This is where this essay ends, and where it also becomes a little mystifying. My silent prayer in the presence of God’s silence is the avenue of such grace that I find myself joy-filled in the midst of life’s trials; and abundantly content with things I do not understand.



As you know, I’d love to share your experience…


Dearest Library

March, 2018

Dearest Library,

You hold my earliest memories. White rooms with grand high ceilings and so many tall windows, the sunlight so clear that it was obviously meant for reading. And the hush, overseen by librarians who all looked like my great-aunt, a hush so carefully policed because the books needed to be heard. The children’s books were upstairs, up an outside staircase in the days when there were such things. A grand white building in a wide park of grass and Moreton Bay figs. I still go past you now and then, but you are a Library no more.


“Boronia”, once home of Mosman Library, in an old photograph found online. The outside steps (long since removed) are visible to the right of the unknown walking-workman.  Oddly, I can still feel in my arm how high that banister was to my infant self.

And you were in another building too; a stern, concrete monolith to which we took our high school homework … and our smokes (they, not I!). Smoking in a library, it’s inconceivable, it’s barbaric! … but there were ashtrays.

And you were on campus, an architectural wonder amidst New England stone. Your tomes were mostly beyond me, and I was mostly terrified.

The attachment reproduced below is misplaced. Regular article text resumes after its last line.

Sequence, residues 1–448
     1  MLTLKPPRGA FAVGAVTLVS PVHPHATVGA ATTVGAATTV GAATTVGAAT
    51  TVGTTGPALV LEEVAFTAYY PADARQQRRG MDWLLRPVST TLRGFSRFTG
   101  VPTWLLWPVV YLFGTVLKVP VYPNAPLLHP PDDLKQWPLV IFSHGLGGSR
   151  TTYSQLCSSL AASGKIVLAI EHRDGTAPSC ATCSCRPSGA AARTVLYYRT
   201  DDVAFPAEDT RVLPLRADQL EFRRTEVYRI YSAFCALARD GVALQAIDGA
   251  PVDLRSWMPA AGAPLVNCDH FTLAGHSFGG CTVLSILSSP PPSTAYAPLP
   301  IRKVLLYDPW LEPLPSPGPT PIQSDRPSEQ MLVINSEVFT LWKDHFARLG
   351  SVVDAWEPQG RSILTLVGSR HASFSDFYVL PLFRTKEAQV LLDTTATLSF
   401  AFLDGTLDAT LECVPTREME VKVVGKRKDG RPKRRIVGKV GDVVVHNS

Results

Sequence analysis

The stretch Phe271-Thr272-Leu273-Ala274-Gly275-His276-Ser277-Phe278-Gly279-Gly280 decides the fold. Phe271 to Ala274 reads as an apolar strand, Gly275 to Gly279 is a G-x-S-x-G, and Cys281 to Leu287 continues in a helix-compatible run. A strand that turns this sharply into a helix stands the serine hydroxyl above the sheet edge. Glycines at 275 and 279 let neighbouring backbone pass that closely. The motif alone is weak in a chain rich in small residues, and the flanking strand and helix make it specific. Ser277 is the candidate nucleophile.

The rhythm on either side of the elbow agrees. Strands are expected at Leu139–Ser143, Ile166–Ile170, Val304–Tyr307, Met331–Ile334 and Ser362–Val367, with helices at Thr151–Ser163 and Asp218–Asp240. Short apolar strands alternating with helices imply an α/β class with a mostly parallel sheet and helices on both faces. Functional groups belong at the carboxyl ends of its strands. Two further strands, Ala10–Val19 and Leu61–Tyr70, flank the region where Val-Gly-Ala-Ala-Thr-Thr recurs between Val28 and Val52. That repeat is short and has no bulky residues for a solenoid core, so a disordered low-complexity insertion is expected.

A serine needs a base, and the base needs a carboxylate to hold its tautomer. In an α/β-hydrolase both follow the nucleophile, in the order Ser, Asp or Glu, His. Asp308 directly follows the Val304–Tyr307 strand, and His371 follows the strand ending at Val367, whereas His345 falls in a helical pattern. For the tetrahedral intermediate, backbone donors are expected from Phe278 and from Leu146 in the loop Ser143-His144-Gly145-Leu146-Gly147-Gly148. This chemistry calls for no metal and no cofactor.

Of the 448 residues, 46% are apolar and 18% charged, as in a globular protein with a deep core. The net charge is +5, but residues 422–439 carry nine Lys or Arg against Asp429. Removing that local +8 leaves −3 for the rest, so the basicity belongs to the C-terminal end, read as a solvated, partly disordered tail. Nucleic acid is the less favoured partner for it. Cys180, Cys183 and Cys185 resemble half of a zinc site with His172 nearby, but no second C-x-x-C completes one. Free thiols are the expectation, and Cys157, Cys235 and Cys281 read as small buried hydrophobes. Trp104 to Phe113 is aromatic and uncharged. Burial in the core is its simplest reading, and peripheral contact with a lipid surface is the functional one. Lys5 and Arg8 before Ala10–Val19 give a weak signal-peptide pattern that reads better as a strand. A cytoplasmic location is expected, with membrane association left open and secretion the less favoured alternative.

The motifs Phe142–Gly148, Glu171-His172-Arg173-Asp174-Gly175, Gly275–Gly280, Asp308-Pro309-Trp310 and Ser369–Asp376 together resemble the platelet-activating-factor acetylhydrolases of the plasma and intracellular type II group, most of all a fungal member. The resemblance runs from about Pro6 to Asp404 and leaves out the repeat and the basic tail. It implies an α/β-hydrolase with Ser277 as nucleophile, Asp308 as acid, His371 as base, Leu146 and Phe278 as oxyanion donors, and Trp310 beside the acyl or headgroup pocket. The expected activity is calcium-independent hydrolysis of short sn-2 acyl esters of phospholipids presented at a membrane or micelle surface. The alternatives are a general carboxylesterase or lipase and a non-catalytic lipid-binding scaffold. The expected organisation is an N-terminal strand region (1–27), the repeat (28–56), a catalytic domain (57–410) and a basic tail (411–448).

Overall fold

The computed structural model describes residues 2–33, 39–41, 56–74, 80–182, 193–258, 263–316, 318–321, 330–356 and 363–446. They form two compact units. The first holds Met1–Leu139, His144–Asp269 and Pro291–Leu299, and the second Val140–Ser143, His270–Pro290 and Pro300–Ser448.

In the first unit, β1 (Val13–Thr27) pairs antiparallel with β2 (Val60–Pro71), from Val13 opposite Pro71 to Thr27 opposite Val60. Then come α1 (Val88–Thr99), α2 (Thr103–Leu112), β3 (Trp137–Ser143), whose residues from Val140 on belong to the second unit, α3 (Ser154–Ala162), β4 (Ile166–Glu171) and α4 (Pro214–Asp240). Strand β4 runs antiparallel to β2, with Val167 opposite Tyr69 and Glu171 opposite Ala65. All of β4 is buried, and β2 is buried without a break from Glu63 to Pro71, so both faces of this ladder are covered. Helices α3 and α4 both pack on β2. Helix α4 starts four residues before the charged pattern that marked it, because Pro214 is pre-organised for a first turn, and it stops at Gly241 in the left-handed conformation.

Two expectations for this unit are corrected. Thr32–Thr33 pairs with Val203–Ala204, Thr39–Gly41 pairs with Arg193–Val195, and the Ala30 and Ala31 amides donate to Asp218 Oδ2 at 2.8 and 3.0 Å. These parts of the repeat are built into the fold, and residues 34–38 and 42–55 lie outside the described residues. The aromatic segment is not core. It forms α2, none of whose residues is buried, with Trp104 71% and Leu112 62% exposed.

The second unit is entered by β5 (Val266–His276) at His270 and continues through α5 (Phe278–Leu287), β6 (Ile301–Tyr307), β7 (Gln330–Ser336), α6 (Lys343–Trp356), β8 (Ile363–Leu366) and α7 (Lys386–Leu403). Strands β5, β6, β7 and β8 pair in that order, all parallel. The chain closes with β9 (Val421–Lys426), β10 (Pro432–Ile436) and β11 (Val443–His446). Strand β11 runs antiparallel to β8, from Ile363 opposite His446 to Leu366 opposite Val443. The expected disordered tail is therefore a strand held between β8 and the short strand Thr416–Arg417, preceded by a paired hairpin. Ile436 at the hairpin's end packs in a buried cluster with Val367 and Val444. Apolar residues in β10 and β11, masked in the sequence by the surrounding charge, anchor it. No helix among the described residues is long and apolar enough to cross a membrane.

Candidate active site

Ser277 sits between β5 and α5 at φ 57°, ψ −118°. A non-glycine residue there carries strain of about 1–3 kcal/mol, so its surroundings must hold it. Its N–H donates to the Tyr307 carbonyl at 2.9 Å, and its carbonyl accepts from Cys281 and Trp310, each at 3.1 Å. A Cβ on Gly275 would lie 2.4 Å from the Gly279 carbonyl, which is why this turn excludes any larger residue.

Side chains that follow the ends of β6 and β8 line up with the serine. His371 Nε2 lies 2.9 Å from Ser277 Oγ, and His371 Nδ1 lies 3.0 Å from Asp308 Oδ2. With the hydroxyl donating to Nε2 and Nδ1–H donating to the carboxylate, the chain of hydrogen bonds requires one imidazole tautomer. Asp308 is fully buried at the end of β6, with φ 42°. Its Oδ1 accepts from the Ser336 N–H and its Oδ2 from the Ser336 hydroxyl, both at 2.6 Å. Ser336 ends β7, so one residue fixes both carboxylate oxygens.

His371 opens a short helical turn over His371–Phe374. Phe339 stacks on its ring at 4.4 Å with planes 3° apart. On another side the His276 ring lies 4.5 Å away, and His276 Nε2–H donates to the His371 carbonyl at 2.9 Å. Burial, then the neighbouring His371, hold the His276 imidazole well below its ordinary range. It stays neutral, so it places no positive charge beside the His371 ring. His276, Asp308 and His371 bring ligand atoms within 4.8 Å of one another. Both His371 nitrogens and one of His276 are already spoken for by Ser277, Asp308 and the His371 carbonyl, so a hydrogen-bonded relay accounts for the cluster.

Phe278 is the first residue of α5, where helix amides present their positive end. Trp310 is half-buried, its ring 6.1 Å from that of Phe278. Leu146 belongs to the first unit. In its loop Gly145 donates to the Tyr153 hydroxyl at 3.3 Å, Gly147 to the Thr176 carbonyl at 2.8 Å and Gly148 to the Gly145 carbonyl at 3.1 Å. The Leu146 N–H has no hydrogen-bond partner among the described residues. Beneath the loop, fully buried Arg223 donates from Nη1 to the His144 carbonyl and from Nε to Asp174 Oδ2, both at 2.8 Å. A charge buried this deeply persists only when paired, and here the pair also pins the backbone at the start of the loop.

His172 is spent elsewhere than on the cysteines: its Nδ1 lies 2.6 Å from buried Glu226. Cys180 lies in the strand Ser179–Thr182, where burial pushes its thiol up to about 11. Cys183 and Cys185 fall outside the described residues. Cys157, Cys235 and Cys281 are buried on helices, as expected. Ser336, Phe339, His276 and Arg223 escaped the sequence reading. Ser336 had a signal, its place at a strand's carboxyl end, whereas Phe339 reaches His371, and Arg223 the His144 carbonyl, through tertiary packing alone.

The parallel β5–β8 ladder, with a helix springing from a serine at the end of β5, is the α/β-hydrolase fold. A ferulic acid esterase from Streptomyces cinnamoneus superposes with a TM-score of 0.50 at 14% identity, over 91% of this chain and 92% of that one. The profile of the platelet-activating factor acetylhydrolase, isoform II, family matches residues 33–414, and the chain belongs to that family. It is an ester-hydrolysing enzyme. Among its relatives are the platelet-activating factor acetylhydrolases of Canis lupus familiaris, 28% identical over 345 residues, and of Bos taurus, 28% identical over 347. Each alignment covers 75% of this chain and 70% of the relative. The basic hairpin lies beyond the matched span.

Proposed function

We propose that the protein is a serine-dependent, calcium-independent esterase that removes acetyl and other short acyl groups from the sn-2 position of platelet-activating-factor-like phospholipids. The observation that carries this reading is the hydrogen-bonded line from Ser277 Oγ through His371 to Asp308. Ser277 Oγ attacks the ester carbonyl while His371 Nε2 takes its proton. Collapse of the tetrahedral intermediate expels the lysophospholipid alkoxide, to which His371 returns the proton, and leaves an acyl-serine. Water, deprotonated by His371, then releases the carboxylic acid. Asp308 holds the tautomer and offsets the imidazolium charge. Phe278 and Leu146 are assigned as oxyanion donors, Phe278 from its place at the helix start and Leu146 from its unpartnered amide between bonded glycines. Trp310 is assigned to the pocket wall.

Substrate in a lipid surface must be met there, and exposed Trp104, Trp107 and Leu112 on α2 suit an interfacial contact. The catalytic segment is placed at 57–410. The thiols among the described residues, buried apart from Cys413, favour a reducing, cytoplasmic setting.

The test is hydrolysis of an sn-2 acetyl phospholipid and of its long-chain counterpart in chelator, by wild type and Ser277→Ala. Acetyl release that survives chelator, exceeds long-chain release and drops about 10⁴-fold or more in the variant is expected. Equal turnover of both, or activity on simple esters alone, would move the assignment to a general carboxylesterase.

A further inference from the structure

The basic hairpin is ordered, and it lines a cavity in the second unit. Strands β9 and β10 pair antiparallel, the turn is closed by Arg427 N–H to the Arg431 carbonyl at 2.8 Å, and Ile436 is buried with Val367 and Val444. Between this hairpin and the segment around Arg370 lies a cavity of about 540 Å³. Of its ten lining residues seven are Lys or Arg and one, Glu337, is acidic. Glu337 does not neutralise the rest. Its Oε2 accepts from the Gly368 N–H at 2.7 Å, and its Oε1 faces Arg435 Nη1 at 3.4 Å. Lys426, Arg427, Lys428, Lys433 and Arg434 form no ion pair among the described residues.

And you saw my children come and go, half a dozen. You nurtured them and showed them a world beyond my reach. What a treat it always was, to take them through your door.

And now my grandchildren visit you too, and their world is bigger yet. Their parents take great joy in you, dear friend. They know you are a sacred space where a certain hush still rests on people, even busy ones. A place where truth and wonder hold their own in a world we grownups know to be less pure.

And I love you too, with older eyes but no less awe. And it brings me great delight to add my own small part to all you do.

Thank you,
Dearest Library.



I submitted this to “Love Letter to your Library” on Saint Valentines Day, 14 February 2018, which was celebrated locally as “Love Your Library Day”.  

A highlight of every week is the time I spend as a volunteer in our Library, my task being to prepare new acquisitions for cataloguing. It’s an interesting little job; and I do love being a small part of a talented team working in a very busy public space. There is a ‘bitter pill’ though: somewhat ironically the books themselves are beyond my reach, I can’t read them any more. It’s so tempting to dip into the books on display, and the books that come across “my” desk, but I can’t read much more than a paragraph before poor vision insists I close the cover.  Now and then I find one available as a audio-book, but most remain locked away. The books I do enjoy when they come to be processed are toddler’s Board Books: the very best writers and illustrators manage to capture amazing worlds of thought in so few words.